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IACP 'strongly opposes' use of local, state police to enforce Trump immigration mandate

Since President Trump signed the executive orders there has been a growing concern about the requirements and roles of local and state law enforcement in carrying these out


By PoliceOne Staff

ALEXANDRIA, Va. – The International Association of Chiefs of Police released a statement Monday in reaction to a series of executive orders on immigration signed by President Donald Trump. 

Since President Trump signed Executive Order: Enhancing Public Safety in the Interior of the United States and Executive Order: Protecting the Nation from Foreign Terrorist Entry into the United States there has been a growing concern about the requirements and roles of local and state law enforcement in carrying these out to the satisfaction of the new administration. 

The IACP’s statement highlights the importance for law enforcement agencies to develop strategy, tactics and impact assessments to carry out these policies identified in Trump’s “Protecting the Nation from Foreign Terrorist Entry into the United States” order. 

Regarding “Enhancing Public Safety in the Interior of the United States,” the IACP pointed out that this “only directs the Secretary of Homeland Security to use his existing authority under Section 287(g) of the Immigration and Nationality Act to enter into voluntary agreements with state and local agencies to perform immigration enforcement duties,” which is consistent with previous administrations. 

The IACP also reiterated their opposition to any initiative that mandates local and state law enforcement to enforce federal immigration law, stating that decisions to enforce such laws should be made by locally and independently. 

The IACP's full statement reads:

On January 27th, U.S. President Donald Trump issued an Executive Order on “Protecting the Nation From Foreign Terrorist Entry into the United States.” While recognizing that the measures outlined in the executive order were implemented so to enhance the security of the United States, the IACP believes that to minimize confusion and ensure the effectiveness of these changes, it is critically important that they be implemented in a carefully thought out and structured fashion. Both law enforcement officials in the United States, and their international partners, need clear guidance on the impact that these adjustments will have on their daily operations and the changes that may be required to their policies and procedures.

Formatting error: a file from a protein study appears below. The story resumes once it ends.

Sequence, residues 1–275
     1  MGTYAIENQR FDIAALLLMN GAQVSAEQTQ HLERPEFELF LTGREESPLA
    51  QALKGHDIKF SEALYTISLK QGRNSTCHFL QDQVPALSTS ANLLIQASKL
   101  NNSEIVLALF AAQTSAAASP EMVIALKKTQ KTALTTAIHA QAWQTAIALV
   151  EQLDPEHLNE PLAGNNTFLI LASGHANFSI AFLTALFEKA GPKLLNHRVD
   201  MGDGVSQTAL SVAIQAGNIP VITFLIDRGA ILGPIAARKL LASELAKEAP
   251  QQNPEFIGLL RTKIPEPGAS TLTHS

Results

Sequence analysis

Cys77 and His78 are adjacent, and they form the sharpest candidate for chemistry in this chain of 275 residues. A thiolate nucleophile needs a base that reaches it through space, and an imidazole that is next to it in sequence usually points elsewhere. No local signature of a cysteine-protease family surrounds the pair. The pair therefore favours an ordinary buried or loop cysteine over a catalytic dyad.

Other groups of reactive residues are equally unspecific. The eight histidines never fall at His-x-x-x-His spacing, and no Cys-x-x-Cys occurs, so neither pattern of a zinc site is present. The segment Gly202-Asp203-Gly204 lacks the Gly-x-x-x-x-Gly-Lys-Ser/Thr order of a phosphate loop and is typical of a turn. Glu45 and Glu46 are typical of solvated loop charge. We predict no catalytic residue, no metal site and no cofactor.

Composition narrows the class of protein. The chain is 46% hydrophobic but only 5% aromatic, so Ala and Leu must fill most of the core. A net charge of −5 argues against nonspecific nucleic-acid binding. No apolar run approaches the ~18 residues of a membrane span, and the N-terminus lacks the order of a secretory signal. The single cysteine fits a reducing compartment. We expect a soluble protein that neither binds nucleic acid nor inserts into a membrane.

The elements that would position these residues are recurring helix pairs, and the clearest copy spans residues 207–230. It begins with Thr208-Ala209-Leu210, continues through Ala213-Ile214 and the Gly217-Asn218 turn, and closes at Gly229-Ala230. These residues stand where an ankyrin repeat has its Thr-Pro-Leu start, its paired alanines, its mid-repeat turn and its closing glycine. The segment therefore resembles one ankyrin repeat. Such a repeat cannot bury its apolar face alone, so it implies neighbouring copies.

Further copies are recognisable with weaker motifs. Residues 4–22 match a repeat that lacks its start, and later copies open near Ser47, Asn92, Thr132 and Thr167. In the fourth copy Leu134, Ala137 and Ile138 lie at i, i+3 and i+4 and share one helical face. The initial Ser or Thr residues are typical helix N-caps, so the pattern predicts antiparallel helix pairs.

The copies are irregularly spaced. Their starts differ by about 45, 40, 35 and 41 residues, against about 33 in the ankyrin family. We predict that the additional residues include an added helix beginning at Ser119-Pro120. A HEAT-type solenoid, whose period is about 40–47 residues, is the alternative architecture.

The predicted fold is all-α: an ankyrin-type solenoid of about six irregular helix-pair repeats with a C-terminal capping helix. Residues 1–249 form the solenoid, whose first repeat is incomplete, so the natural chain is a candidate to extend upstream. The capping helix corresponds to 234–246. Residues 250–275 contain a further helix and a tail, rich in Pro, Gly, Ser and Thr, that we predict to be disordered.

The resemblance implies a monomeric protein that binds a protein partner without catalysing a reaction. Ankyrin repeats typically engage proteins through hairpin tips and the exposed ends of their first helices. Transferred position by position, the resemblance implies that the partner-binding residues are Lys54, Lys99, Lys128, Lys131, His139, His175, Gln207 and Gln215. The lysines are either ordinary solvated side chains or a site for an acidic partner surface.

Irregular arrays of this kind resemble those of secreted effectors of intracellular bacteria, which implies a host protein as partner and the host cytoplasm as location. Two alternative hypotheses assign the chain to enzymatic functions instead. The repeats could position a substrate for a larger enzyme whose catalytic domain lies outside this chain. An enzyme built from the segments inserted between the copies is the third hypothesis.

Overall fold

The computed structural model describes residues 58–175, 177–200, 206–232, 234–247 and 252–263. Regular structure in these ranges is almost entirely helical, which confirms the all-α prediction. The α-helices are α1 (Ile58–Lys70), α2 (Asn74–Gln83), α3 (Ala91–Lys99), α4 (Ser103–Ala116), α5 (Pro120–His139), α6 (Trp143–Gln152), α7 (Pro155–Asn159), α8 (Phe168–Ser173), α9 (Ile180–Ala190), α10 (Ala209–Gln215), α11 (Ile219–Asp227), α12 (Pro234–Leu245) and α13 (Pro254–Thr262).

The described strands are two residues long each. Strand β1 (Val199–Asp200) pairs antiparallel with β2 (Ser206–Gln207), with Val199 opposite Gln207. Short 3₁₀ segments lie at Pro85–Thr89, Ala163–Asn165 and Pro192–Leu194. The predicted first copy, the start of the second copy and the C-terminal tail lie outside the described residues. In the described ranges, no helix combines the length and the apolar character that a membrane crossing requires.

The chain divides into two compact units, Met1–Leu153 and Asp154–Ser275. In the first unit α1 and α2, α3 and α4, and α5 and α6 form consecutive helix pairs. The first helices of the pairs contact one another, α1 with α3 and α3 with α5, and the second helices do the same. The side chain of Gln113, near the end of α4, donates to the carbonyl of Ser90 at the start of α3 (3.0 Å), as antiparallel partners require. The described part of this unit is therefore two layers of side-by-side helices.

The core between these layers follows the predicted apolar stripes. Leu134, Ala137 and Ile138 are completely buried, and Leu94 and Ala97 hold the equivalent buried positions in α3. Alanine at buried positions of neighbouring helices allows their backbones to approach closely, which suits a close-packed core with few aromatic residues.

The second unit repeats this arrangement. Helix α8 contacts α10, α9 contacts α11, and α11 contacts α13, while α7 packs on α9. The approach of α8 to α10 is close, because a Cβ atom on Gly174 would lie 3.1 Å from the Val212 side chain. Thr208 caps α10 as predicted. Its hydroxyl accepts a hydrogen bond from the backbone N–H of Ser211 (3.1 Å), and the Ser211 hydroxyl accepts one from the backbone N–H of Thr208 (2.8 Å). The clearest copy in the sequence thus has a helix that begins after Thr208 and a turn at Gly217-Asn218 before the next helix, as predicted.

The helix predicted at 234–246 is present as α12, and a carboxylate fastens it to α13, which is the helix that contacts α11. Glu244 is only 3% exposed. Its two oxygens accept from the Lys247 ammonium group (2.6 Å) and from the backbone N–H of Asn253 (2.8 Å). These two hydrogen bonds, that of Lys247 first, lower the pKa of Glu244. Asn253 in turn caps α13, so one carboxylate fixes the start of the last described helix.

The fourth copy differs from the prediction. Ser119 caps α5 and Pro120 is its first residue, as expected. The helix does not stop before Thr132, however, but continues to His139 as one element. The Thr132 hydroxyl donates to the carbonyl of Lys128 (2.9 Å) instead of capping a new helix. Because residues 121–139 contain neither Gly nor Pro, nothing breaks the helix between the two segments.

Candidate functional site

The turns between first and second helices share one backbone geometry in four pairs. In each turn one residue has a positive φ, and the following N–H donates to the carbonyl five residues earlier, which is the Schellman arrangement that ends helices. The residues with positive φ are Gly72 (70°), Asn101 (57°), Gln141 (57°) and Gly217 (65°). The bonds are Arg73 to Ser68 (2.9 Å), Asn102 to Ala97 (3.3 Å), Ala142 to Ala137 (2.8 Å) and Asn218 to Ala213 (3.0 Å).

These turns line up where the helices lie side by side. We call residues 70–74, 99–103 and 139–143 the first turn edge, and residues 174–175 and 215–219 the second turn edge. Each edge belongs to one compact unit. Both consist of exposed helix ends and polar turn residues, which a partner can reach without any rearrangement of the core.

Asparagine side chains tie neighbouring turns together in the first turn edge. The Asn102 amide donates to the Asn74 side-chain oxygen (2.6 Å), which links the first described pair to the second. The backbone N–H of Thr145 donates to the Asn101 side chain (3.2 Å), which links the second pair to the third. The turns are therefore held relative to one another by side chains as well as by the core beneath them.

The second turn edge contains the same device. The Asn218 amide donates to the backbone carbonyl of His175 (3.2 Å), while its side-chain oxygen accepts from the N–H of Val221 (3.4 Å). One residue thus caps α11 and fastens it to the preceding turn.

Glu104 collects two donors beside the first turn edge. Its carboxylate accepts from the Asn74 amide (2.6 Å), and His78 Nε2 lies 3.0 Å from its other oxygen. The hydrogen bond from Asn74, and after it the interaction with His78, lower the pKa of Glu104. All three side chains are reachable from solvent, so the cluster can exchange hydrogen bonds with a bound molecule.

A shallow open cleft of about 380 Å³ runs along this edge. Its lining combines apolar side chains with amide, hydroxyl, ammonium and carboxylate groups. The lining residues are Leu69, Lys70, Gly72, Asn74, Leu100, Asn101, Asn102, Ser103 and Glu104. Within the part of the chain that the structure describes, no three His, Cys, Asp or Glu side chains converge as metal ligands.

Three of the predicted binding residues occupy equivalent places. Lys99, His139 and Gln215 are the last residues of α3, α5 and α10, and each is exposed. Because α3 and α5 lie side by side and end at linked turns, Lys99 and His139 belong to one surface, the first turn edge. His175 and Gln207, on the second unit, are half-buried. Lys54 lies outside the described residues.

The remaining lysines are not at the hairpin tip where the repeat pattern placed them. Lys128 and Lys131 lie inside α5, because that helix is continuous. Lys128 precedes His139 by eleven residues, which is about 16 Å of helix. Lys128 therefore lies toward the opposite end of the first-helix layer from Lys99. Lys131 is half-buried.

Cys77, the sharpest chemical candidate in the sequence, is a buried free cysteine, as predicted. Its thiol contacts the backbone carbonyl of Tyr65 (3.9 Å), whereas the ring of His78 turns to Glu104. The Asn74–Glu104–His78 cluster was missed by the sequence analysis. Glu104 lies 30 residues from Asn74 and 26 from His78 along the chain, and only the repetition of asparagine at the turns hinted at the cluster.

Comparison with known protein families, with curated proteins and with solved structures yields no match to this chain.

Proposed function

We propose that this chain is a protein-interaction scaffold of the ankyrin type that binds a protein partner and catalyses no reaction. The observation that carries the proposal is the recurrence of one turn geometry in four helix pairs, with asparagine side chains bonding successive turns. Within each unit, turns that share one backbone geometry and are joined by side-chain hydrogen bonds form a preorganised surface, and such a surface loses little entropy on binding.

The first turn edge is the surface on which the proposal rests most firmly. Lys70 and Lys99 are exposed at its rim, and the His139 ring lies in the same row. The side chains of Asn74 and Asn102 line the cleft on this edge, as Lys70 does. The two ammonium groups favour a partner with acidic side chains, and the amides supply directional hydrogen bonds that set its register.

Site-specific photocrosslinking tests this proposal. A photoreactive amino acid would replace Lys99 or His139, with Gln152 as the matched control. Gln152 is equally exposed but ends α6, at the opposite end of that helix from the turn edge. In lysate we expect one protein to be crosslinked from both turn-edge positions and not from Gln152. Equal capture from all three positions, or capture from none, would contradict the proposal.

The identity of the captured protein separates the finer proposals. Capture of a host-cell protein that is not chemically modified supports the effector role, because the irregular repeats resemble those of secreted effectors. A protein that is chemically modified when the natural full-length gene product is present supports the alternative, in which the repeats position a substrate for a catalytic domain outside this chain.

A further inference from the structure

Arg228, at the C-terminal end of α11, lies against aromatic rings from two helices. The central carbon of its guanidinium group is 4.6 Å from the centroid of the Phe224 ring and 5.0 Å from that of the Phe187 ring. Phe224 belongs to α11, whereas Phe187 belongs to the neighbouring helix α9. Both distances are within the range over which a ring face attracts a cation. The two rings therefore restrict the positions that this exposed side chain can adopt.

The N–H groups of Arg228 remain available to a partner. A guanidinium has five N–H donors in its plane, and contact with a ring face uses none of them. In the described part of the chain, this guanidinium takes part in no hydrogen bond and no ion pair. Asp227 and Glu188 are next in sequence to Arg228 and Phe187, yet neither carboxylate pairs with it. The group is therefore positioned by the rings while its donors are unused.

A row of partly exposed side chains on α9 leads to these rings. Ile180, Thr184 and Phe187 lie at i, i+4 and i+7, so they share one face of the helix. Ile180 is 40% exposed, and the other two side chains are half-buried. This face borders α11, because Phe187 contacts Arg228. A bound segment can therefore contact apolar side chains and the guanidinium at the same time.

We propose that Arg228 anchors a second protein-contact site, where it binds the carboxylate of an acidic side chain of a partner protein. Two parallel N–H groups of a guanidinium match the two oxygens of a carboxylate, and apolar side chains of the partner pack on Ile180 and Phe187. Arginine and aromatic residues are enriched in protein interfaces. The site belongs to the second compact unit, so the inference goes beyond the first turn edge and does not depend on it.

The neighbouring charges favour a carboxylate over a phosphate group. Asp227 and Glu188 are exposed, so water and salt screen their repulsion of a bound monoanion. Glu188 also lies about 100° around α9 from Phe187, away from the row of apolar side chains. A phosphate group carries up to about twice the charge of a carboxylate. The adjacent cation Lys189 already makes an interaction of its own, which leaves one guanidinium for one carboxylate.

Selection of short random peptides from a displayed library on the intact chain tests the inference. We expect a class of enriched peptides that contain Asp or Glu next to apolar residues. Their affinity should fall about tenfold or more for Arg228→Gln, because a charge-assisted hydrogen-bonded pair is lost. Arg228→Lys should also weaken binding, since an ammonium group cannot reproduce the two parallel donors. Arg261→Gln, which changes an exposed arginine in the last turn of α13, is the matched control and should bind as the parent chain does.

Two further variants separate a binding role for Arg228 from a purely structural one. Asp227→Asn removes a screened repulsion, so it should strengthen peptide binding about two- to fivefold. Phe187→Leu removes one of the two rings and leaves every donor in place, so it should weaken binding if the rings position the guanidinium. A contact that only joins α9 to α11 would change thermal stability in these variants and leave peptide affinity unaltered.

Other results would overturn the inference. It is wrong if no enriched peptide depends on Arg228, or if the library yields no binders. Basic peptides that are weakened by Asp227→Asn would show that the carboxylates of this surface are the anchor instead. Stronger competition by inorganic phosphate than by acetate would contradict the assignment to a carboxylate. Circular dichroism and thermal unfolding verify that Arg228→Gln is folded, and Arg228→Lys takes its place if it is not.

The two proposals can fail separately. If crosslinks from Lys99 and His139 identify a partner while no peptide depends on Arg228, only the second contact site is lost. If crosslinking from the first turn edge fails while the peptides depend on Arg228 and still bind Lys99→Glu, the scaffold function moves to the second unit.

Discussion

There have also been recent reports that the Trump Administration is considering using state and local law enforcement agencies in the apprehension and removal of illegal aliens in the United States. To be clear, President Trump’s January 25th Executive Order (Enhancing Public Safety in the Interior of the United States) only directs the Secretary of Homeland Security to use his existing authority under Section 287(g) of the Immigration and Nationality Act to enter into voluntary agreements with state and local agencies to perform immigration enforcement duties. This approach is consistent with the efforts of previous administrations and is dependent upon the consent of the state or local entity.

However, the IACP has, and will continue to strongly oppose any initiative that would mandate that state and local law enforcement agencies play a role in the enforcement of federal immigration law.  The IACP believes that the issue of state, tribal, or local law enforcement’s participation in immigration enforcement is an inherently local decision that must be made by law enforcement executives, working with their elected officials, community leaders, and citizens.

 

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